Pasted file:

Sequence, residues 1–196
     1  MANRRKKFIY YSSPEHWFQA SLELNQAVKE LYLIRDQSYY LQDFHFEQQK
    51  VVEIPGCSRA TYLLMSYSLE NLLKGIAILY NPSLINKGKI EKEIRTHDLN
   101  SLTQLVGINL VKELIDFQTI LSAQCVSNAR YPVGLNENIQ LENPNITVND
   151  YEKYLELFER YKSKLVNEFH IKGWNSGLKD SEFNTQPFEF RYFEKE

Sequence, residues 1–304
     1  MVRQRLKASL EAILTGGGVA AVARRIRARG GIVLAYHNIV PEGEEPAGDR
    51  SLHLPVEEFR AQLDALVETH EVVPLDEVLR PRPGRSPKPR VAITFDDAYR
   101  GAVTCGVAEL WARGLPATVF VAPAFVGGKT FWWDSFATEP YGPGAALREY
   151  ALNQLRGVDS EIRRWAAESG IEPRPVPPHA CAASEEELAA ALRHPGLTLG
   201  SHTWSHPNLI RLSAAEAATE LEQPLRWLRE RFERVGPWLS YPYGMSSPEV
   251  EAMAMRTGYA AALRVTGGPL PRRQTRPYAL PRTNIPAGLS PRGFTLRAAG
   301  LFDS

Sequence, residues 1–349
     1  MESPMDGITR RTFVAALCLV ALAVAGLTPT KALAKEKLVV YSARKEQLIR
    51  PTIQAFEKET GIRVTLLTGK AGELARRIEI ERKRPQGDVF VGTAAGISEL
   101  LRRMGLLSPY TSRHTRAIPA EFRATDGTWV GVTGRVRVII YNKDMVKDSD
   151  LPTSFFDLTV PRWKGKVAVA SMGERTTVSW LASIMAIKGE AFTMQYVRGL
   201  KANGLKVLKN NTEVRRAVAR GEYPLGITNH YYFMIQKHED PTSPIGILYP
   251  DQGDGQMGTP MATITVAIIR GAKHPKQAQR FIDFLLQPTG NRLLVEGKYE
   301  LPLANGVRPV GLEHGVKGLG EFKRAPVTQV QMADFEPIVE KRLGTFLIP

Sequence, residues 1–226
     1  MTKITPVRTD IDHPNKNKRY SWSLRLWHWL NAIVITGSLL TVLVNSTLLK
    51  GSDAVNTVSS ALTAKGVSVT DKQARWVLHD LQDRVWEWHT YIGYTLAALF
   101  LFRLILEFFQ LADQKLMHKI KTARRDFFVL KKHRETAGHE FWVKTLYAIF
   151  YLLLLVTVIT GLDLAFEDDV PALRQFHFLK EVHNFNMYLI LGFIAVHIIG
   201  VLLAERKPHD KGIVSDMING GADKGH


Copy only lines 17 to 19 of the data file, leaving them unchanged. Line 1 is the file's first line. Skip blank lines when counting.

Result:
   101  LRRMGLLSPY TSRHTRAIPA EFRATDGTWV GVTGRVRVII YNKDMVKDSD
   151  LPTSFFDLTV PRWKGKVAVA SMGERTTVSW LASIMAIKGE AFTMQYVRGL
   201  KANGLKVLKN NTEVRRAVAR GEYPLGITNH YYFMIQKHED PTSPIGILYP